What’s the old expression? ‘Two heads are better than one?’ Well, as true as that may be in certain contexts, it certainly doesn’t apply to this film. “2 Guns” – based on Steven Grant’s graphic novel of the same name – is a summer film which doesn’t exactly possess the ambition to be called a ‘summer blockbuster.’ While it features everything you’d expect from a summer film – action, a great cast and a touch of comedy – it doesn’t really live up to the hype that the presence of its two star-studded co-stars promises.
A Simple Robbery Made Complicated
Bobby Trench (Denzel Washington) and Michael Stigman (Mark Wahlberg) are two criminals out to rob a bank and run off with a nice payday – or so they think. The truth is that they are both working undercover for separate agencies – Trench for the DEA, and Stigman for NCIS – and that they’ve been told to use the bank robbery as a means to set up the other and take them down. Though when Trench and Stigman learn of each other’s true identities, they realize they are part of an even bigger plot in which they find themselves in the crosshairs of the CIA. Sound confusing? Believe me, it gets worse, but I’ll omit any spoilers in this review.
No One Can Get Along
Right off the bat, I want to say how much I enjoyed the chemistry between Washington and Wahlberg. I am a fan of both actors and to see them on-screen together was definitely a treat. Wahlberg is the more comedic of the two – delivering hilarious one-liners amid a boyish charm – and Washington plays the quiet, rugged badass that he almost usually is. They work so well with one another and play off each other’s charisma to such a point that they almost make you overlook the lesser qualities of the film… almost.
The film’s supporting cast are wooden, hollow and boring – save for Bill Paxton who plays a menacing CIA agent who stalks the two heroes- er… guns, for the majority of the film. Everyone else just doesn’t feel as up-to-par as they should be: Edward James Olmos plays an archetypical Mexican drug kingpin who’s really nothing we haven’t seen before; Paula Patton plays Washington’s colleague/lover but she’s nothing more than eye-candy for the casual viewer – who later becomes the clichéd ‘damsel in distress;’ and James Marsden plays a tough Navy Officer who doesn’t really fill the shoes of such a simple role. To summarize, they’re mostly there to round out the main cast so at least they do something right.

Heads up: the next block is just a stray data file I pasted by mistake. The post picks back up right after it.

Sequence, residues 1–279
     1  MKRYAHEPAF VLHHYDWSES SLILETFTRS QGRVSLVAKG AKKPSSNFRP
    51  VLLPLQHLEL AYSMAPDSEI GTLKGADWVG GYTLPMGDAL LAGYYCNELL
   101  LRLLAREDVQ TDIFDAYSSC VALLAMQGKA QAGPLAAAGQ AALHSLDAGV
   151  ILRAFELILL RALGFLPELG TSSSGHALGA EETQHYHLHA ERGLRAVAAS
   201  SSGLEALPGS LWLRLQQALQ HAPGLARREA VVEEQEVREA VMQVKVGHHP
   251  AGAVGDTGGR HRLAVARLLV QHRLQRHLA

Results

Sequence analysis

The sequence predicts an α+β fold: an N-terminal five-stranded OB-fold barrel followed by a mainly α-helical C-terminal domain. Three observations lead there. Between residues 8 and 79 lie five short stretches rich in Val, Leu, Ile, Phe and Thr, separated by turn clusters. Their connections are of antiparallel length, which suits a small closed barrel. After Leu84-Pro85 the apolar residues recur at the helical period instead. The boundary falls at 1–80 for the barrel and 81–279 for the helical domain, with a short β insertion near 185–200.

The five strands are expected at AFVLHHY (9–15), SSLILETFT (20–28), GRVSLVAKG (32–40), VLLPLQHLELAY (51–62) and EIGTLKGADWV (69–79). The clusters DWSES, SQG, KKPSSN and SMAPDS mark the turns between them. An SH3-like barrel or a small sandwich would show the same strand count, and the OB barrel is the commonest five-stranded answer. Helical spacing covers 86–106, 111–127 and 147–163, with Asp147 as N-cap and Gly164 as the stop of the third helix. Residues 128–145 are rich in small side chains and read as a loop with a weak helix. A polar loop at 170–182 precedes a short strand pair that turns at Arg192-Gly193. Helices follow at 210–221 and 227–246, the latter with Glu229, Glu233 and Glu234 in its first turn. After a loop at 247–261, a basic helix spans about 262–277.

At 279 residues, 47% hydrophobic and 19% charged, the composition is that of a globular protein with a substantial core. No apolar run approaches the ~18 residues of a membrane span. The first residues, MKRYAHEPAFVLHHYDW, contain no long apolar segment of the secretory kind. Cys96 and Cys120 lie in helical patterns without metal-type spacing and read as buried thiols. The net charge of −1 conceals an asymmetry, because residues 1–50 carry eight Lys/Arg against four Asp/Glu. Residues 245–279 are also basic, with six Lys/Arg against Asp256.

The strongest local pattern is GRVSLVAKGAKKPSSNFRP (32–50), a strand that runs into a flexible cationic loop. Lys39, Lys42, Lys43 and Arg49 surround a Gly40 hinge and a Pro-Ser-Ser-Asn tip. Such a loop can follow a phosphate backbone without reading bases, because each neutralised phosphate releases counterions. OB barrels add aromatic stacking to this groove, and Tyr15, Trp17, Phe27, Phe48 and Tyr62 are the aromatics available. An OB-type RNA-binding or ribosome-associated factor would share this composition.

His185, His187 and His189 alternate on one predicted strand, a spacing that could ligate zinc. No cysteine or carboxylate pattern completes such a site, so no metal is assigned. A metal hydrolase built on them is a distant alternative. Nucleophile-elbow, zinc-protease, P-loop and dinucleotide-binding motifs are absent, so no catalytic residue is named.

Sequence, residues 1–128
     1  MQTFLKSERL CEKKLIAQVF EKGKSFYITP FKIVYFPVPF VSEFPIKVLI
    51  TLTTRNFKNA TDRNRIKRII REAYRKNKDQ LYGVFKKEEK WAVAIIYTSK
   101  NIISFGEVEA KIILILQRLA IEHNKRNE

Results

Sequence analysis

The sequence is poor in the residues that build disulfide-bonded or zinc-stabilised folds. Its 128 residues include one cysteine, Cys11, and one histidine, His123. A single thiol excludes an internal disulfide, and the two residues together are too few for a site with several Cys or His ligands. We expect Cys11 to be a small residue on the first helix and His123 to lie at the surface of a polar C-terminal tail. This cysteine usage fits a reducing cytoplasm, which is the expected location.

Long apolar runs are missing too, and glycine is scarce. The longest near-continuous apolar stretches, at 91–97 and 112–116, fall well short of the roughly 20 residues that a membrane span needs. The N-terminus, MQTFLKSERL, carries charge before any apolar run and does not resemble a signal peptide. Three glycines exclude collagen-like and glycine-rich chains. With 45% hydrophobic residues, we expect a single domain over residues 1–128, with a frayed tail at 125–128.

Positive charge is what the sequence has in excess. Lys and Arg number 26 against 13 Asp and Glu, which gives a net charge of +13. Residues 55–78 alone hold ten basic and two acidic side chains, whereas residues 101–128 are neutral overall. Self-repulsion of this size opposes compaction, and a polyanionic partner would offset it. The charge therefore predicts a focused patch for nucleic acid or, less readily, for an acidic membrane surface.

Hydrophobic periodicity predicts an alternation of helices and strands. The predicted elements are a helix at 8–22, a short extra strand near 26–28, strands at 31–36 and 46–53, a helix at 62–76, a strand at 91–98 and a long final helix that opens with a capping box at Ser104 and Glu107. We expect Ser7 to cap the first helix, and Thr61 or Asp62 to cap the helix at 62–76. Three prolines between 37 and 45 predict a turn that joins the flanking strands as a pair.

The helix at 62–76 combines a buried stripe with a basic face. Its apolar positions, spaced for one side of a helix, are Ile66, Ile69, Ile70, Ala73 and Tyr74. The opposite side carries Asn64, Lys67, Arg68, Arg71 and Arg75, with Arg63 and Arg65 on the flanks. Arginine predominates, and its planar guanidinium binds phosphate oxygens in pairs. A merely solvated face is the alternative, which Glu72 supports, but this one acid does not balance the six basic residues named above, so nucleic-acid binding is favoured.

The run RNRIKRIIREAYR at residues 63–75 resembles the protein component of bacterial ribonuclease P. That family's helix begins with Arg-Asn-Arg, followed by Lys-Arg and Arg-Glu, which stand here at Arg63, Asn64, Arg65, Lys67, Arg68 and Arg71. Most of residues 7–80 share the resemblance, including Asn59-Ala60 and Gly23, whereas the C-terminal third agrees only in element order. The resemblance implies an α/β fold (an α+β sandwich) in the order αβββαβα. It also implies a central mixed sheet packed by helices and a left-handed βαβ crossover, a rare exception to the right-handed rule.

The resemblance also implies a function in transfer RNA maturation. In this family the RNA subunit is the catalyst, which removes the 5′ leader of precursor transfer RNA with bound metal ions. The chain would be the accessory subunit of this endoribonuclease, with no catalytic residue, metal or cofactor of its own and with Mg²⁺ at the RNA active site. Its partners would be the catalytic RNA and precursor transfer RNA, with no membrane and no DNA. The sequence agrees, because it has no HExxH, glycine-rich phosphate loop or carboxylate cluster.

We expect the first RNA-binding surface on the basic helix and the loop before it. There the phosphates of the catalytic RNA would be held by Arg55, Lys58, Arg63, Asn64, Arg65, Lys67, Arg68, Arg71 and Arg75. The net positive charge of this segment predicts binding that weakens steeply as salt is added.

At Least the Action’s Good, Right?
For an action film, I was actually left disappointed by most of the action sequences; these were meant to be the cornerstone of the film but I just felt as if they lacked the necessary excitement and intensity to keep the audience gripped throughout. The dialogue isn’t anything to write home about and you’re constantly caught in the crossfire of so many twists and turns and such an accelerated pace that by the final frame, you’re still wondering what was going on a few scenes back. The plot itself is confused and confusing as, in reality, none of the agencies depicted in this film would dare to try any of the stunts they pull off here. But hey, suspension of disbelief, right?
“2 Guns” is a passable movie. It’s not perfect by any means but it’s not horrible either – it’s just stuck in that middle-ground of mediocrity. The characters lack any real depth and only show true emotion when the script calls for it and with an underwhelming and short finale, the film fails to elicit any sort of excitement from its audience. However, if you’re in the market for a near-end-of-summer popcorn-flick, “2 Guns” may be worth a shot.